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Tuesday, October 13, 2009

What it takes to upgrade to Windows 7

A whole weekend?! The PC world is truly nuts.

The reason you typically don't read many complaints from me about processes such as Windows upgrades is not, as a few commenters here have suggested, because I'm being paid under the table by Microsoft or anyone else. It's because I've been in this business long enough to have learned to solve problems before whining about them. In fact, if readers should take anything away from Betanews, I believe it is the ethic of solving problems before whining about them. Improve software. Improve business. Improve life. There's plenty of blogs out there for whiners.

So Yahoo suggests that an upgrader actually set aside a whole weekend to do a Windows upgrade...Since when have we not had to do that? Maybe I'm just acclimated to working in the IT industry, but making all the preparations and doing all the post-setup corrections are part of the job. As many other colleagues have stated, if you want to have a more guaranteed flawless upgrade "experience," where you know for a fact that what you do will probably work right without your direct involvement, then yes, get a Mac. Speaking for myself, I like to be in charge of the hardware I use (I do build my own desktop and media PCs), so I make the required investment in time and energy. For me, it is worth the time, and I am happy with the results. [...]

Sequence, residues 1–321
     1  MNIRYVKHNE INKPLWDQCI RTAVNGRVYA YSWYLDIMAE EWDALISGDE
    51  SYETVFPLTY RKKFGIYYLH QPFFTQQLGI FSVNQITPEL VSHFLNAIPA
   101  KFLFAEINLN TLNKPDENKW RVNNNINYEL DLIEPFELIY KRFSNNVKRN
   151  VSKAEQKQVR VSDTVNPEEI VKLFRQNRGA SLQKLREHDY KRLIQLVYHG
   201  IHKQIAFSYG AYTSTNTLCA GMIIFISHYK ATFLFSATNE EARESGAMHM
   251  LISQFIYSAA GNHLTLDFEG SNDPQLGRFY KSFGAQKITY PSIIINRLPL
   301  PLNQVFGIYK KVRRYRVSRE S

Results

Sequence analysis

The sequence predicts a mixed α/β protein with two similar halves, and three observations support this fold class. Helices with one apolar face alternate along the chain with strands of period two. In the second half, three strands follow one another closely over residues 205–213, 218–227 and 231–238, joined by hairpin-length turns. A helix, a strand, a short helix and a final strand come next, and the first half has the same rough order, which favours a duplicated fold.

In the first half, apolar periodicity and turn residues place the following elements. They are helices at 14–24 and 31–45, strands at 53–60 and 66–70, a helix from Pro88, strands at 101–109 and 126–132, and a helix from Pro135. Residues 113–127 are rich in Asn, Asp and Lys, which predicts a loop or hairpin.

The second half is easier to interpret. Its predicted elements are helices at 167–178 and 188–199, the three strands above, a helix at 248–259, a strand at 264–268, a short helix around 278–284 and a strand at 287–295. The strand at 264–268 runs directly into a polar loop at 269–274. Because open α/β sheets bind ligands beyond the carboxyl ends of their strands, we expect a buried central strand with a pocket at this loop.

To guarantee an operating system that works well with hardware, you have to guarantee the hardware; that's what Apple does. It's an honorable decision and it works for Mac users. If you want choice in this business, however, you have to work for it. No one's going to provide perfection on a platter for you.

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